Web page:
Dispute over judicial reform: Poland does not want to pay a fine

Status: 10/28/2021 7:19 p.m.

The ECJ has ordered Poland to pay a fine in the millions because of the judicial reform. But Justice Minister Ziobro is not thinking of doing this. Not a single zloty will flow into Brussels, he said.

Poland’s Justice Minister Zbigniew Ziobro has refused to pay the penalty payments ordered by the European Court of Justice (ECJ). “Poland cannot and should not pay just a single zloty,” he said in Warsaw. The Polish state should not “submit to lawlessness”.

The European Court of Justice acted “illegally”. The European treaties do not allow the judges in Luxembourg to intervene in the judiciary of the individual states, Justice Minister Ziobro underlined his refusal.

The prime minister is more moderate

Ziobro was the first ministerial government official to speak out in favor of a refusal to pay. Previously, one of his deputies had also recommended “ignoring” the Luxembourg penalty order and also proposed freezing Polish membership fees to the EU until the “Eurocrats came to their senses”.

Prime Minister Mateusz Morawiecki, who is seen as an opponent of the Justice Minister within the government faction, made a speech about the older promise to dissolve the controversial disciplinary body. Work on this is in progress. But it could still be months before a compromise was found within the government faction.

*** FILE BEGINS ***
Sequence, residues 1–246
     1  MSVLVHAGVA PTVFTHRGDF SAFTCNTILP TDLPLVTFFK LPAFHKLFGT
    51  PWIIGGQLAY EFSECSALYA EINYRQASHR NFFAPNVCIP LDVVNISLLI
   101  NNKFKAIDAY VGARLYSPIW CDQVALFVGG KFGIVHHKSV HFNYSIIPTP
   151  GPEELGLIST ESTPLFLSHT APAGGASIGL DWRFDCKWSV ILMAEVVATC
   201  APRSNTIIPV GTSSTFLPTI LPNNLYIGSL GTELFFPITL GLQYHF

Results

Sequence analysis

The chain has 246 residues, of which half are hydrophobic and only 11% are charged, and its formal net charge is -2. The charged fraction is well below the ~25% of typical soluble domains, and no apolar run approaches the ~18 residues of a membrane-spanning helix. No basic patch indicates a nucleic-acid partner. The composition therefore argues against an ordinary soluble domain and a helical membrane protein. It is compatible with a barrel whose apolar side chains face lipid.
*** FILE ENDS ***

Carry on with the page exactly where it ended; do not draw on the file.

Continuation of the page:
One million euros a day

On Wednesday, the European Court of Justice ordered Warsaw to pay the EU Commission one million euros per day because Poland has not yet implemented the ECJ ruling on the controversial disciplinary body for judges.

The Polish body can prosecute and suspend judges. According to ECJ rulings, this is not compatible with EU rules on the independence and impartiality of the judiciary. In July the EU judges ordered the temporary dissolution of the chamber, but it is still working.

The EU Commission and Poland have been arguing for a long time about compliance with the rule of law principles that are binding for EU countries. Poland has been accused of disregarding them since the national conservative government initiated the restructuring of the Polish judiciary. The dispute escalated further when the Polish Constitutional Court ruled in early October that EU law did not take precedence over national law.

Further penance for Turow opencast mine

On September 20, the ECJ had already imposed a penalty on Poland. Warsaw has to pay a daily fine of 500,000 euros because of the Turow opencast mine, the judges ruled at the time. Despite an interim ECJ order from May, the government did not stop lignite mining in the border region with the Czech Republic.

With information from Jan Pallokat, ARD Studio Warsaw


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